While many emotions can be measured, the feelings behind them may be harder to get to, particularly because humans are notorious for faking emotions in order to hide their feelings. Remember when you smiled widely even though the meal your partner made was bitter and undercooked? Or when you laughed at your co-worker’s joke when you didn’t get it? It turns out that animals can fake emotional reactions as well. This is directly contrary to how we thought animals behaved for so long. Science had previously reserved the experience of emotions as strictly human (even though human emotions were also largely ignored in science until relatively recently), and believed that animals act purely on instinct. In other words, it was thought that animal actions are simply reactions to certain situations that are most likely to ensure survival, lead to more resources, or find a mate. So why then, would an animal fake an emotion or act in any way that is contrary to what instinct would tell them to? It turns out, for likely the same reasons that humans do. Dr. de Waal makes the case that feelings and emotions allow animals and humans to assess a situation and determine the most appropriate response based on context. Hardwired instinct is simply too fixed to allow for this. As Dr. de Waal puts it, they “are our body’s way of ensuring we do what’s best for us.” Our ability to manipulate our own emotions in order to hide how we’re feeling, whether we can do so successfully or not, can be malicious. But it can help us to maintain relationships, just like it does for animals. By reserving the expression of your true and immediate feeling, you can continue to analyze the situation and create a politer way to let your partner know that you will do more of the cooking moving forward.  

It is now clear, even within the scientific community, that all social animals actively participate in peacemaking or other reconciliation behaviors, just like humans do. These behaviors are essential to keeping social units together. For example, Dr. de Waal elaborates on a situation he witnessed while observing chimpanzees in the wild.  Drawn by the raucous commotion made by a group of chimps, Dr. de Waal watched as the group focused in on one chimp who was in possession of a recent kill. The commotion was made by the other chimps’ eagerness to share in the bounty. Contrary to what instinct or the principles of survival of the fittest might tell us, the possessor of the fresh meat shared his dinner with the other apes. Did he know it would be easier to share then to fight off the other chimps? Did he empathize with their hunger? Was he acting altruistically? Sharing, in this situation, may be beneficial in the long run because it maintains positive relationships between these chimps. The possessor of the meal likely understood this broad context and warded off his gut reaction to run or fight for his dinner. Emotions provide us with the ability to feel multiple things at once, analyze compounding factors, and empathize with others. It is for this reason that we should consider allowing more space for feelings into conflict resolution processes. Although it might seem a bit messy at times, embracing feelings and emotions will allow us to harness the creative and relationship-building powers that we are pre-programmed with.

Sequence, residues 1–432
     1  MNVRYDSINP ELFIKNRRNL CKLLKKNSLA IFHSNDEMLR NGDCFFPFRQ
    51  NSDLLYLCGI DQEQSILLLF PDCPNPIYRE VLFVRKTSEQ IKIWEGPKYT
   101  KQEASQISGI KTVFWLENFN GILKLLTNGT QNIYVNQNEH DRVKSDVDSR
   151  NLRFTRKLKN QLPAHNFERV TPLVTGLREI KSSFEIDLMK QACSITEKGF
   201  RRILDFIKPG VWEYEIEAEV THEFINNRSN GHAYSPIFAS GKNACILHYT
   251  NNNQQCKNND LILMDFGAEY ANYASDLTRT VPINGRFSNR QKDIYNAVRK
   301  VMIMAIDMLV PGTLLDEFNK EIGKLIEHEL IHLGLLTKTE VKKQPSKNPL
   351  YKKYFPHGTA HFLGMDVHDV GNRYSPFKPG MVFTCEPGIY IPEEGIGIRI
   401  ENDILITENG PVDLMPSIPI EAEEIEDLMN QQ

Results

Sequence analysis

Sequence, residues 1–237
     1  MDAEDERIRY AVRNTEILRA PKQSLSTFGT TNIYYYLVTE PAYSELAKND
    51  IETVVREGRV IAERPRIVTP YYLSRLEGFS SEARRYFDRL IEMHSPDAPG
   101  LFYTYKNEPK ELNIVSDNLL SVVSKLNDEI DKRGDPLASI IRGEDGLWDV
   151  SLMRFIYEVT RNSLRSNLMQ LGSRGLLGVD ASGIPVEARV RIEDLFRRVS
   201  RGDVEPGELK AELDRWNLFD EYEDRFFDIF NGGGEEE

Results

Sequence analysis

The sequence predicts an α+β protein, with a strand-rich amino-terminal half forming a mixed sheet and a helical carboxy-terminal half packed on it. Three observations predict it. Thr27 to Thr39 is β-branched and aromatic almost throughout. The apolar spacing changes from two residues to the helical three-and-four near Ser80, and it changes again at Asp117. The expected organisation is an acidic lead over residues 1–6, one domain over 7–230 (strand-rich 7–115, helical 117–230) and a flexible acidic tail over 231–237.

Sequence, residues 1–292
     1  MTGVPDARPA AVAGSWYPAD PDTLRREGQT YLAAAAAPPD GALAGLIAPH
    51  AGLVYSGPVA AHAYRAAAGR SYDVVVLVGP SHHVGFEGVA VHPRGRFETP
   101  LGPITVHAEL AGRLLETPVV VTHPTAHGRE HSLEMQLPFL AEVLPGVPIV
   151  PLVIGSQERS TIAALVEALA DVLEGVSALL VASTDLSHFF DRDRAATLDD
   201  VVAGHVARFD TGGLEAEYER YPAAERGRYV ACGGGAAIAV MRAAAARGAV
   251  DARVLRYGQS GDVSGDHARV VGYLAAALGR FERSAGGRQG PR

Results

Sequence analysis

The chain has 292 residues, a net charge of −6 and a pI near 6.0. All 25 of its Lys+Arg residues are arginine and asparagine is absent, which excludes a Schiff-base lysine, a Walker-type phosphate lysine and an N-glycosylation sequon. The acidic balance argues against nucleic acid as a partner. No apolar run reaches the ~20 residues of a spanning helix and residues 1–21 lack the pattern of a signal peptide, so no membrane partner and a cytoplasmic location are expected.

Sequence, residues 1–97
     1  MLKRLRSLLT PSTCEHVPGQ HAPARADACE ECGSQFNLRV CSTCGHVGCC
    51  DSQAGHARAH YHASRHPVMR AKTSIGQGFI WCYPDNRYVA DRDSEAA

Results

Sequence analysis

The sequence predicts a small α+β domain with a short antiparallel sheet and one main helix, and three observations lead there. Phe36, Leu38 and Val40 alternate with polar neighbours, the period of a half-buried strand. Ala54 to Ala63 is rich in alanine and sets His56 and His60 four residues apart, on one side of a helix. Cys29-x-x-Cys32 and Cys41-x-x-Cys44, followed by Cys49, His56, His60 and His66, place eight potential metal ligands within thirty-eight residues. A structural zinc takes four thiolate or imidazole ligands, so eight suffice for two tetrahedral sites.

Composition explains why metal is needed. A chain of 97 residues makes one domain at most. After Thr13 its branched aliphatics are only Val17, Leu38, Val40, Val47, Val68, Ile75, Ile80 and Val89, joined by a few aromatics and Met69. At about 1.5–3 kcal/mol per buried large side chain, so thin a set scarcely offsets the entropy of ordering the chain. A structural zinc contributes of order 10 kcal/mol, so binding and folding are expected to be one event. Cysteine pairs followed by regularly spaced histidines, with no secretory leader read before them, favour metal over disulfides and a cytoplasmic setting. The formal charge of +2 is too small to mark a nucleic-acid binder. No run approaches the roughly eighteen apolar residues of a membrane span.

Many classic negotiation tactics, dispute resolution protocols, and traditional business practices aim to rely purely on objective information, strict procedures, or ingrained power dynamics, in an attempt to eliminate the feeling-factor. While there may be a place and time for these methods, they lack recognition and consideration for the most salient aspects of the human experience: emotions. With the growing evidence for animal emotions, it is hard to deny that there is an evolutionary aspect to emotions, to social relationships, and to the benefits of conflict resolution, reconciliation, and peacemaking. Maybe it’s time we reconsider the civilized institutions and behaviors that we thought made us so different from our non-human relatives and appreciate what we have in common—a deep need for healthy social bonds that is guided by emotion and allows us to think critically about our situations.

Maybe we should be collaborating more like chimps.

Special thanks to Michele Straube for the inspiration for this piece.

Leanne Bernstein is a Master’s student in the City and Metropolitan Planning Department at the University of Utah. She is currently working with the Environmental Dispute Resolution Program as a Graduate Student Fellow.